Chasing Records: Clark and Beyer | God's World News

Chasing Records: Clark and Beyer

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    University of Iowa coach Lisa Bluder and associate head coach Jan Jensen congratulate Iowa guard Caitlin Clark (22) during the second half of a game on February 15, 2024, in Iowa City, Iowa. (AP/Matthew Putney)
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    University Health Sciences and Pharmacy guard Grace Beyer holds a ball and plaque as her All-American achievement is honored following an game against Cottey College on February 22, 2024, in St. Louis. (AP/Jeff Le)
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Caitlin Clark of the University of Iowa has extended her NCAA career scoring record in women’s basketball to 3,617 points. Now she’s just 33 points away from breaking a big college scoring record. But she’ll be hard-pressed to catch the most prolific active scorer in her sport: small-school phenom Grace Beyer.

Clark plays before packed houses and a national audience on television. She is approaching Lynette Woodard’s record. Woodard, a former University of Kansas star, scored 3,649 points from 1977-81. That’s an unofficial record for women’s basketball in what now constitutes the NCAA’s Division I. (When Woodard was playing, the NCAA was not the governing body over women’s college sports.)

On Sunday, Clark finished with 24 points, 15 rebounds, and 10 assists—her fifth triple double of the season. (A triple double is a single-game performance in which a player holds double-digit scores in three different statistical categories.)

That same night, several hundred people sat on retractable bleachers to watch Beyer set an even higher record as she scored 40 points for the University of Health Sciences and Pharmacy, a small private school in St. Louis, Missouri.

Beyer’s performance pushed her career total to 3,874 points—257 ahead of Clark. It also secures fifth place in college basketball history for Beyer. That’s men or women, NCAA or NAIA, regardless of division.

The contrast between the two is stark.

Clark has become perhaps the most bankable star in the history of the women’s college game. Fans line up for hours to watch her sink those incredible 30-foot three-pointers. Clark has been able to monetize her fame. She pops up in ads for everything from State Farm Insurance to supermarket chain Hy-Vee.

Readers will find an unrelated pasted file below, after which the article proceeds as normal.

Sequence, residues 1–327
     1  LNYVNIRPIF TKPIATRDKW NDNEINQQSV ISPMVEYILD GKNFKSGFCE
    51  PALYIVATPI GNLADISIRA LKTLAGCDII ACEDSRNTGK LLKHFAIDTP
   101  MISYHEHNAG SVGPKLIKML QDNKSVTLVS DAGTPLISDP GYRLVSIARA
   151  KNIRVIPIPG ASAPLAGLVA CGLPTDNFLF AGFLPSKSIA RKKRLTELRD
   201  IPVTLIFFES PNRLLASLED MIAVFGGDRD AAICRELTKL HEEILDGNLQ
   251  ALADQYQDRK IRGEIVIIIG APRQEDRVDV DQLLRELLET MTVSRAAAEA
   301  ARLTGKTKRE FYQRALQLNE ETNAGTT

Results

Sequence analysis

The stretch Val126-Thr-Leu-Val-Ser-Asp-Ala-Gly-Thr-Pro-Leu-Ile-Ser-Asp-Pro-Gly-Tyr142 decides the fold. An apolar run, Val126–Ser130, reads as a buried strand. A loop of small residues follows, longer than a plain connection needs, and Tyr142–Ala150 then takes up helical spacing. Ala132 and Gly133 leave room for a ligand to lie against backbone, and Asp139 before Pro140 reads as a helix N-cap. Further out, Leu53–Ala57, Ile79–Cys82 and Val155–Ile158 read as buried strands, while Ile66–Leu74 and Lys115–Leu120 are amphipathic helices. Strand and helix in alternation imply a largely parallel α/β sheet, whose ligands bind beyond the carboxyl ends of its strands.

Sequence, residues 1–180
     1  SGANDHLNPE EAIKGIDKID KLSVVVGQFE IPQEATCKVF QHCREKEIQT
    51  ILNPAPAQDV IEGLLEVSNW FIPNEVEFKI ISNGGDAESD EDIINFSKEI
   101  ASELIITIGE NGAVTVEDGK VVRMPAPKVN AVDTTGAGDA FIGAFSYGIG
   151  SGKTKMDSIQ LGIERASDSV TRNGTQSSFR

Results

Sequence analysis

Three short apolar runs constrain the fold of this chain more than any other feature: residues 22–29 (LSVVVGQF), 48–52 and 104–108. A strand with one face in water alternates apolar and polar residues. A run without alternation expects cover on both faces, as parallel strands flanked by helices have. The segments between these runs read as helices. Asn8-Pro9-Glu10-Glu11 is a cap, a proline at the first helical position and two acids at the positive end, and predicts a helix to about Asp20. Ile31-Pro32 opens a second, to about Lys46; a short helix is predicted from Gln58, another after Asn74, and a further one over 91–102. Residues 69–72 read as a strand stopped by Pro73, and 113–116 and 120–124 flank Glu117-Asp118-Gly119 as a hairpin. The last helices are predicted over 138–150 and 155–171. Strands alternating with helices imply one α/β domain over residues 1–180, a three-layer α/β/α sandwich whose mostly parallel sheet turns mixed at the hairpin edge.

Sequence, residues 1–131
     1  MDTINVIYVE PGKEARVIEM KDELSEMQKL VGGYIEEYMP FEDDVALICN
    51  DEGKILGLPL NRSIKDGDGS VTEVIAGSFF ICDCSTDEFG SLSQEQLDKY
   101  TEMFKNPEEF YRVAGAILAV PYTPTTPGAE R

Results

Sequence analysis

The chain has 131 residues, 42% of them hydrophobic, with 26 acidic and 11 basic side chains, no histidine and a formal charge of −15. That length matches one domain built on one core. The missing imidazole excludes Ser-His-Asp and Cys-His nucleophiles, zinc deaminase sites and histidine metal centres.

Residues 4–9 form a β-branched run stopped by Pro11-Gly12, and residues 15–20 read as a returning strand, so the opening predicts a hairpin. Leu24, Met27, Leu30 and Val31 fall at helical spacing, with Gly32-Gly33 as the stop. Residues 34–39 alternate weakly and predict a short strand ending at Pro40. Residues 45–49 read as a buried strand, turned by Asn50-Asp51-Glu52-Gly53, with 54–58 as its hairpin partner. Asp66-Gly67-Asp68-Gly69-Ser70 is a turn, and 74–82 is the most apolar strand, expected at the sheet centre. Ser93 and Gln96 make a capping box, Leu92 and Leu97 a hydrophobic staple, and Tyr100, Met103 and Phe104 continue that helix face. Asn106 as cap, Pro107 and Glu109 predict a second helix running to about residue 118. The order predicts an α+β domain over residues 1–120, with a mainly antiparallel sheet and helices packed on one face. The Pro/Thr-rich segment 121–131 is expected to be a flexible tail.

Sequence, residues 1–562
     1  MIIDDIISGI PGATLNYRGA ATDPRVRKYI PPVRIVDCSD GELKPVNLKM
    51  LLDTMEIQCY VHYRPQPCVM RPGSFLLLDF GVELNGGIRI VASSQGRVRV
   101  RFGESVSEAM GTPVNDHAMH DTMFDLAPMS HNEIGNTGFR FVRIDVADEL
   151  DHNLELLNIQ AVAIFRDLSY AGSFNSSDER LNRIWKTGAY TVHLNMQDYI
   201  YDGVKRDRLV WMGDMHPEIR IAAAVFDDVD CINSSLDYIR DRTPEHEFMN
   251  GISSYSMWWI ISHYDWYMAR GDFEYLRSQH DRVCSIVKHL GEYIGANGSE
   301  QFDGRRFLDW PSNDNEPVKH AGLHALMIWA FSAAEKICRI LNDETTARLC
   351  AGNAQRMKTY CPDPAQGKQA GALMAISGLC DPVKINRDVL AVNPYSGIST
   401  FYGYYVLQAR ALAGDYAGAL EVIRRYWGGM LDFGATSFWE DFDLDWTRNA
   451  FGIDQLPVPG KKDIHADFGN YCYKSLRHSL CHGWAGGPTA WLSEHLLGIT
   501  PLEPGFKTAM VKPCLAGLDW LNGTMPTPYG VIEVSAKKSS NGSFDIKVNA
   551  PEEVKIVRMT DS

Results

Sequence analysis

Like Clark, Beyer grew up with a basketball in her hands. She put up thousands of shots at the local YMCA before and after school. And just like Clark, Division I coaches came calling.

But that’s where Clark and Beyer diverged.

Beyer’s grandfather lived with her family as she grew up. As he aged, he began having trouble managing his medications. Beyer learned everything she could about the drugs and how they interacted. That created a desire to study pharmacy, which typically requires rigorous academic training.

Many coaches tried to recruit Beyer, including several from Division I schools. But they thought there was no way Beyer could juggle pharmacy and basketball. So the phone calls, text messages, and interest dried up.

Beyer’s parents “urged me to prepare for the 40 years of my life rather than the four years of college,” she says. “It’s kind of a big concept to grasp when you’re in high school. But I just knew that I wanted to be happy and have a career in something I’m going to enjoy. And basketball? I’ll enjoy that wherever I play.”

Beyer chose the small University of Health Sciences and Pharmacy. There are no chartered planes, no special tutors—nothing approaching what a Division I college can offer.

“I definitely don’t have any regrets coming here,” Beyer says. “But everyone has those what-if thoughts, you know? What it would have been like if I went to a bigger school.”

With Beyer leading the way, her school began winning games. The few dozen fans that showed up to watch turned into a few hundred. People began calling the school to ask when Beyer would play next.

As the wins mounted, so did her scoring total—often in chunks of 40 or more points at a time.

Beyer had a career-high of 59 points in a game last year. Earlier this season, the 5-foot-8 guard scored 51 in a game. In all, Beyer has averaged more than 34 points per game over her final season of college basketball, while also leading her team in rebounds, steals, and assists.

At her current pace, Beyer needs six postseason games to chase down the women’s all-college scoring record. That was set by Pearl Moore with 4,061 points.

Clark needs 33 points heading into a February 28 game to break Lynette Woodard’s scoring record—one that Beyer passed 225 points ago.

Beyer continues to watch Clark chase her own milestones from afar. And she’s apparently a fan of the Iowa player. “It’s amazing,” Beyer says with a smile, “to be mentioned in the same breath as her.”

Forgetting what lies behind and straining forward to what lies ahead, I press on toward the goal for the prize of the upward call of God in Christ Jesus. — Philippians 3:13-14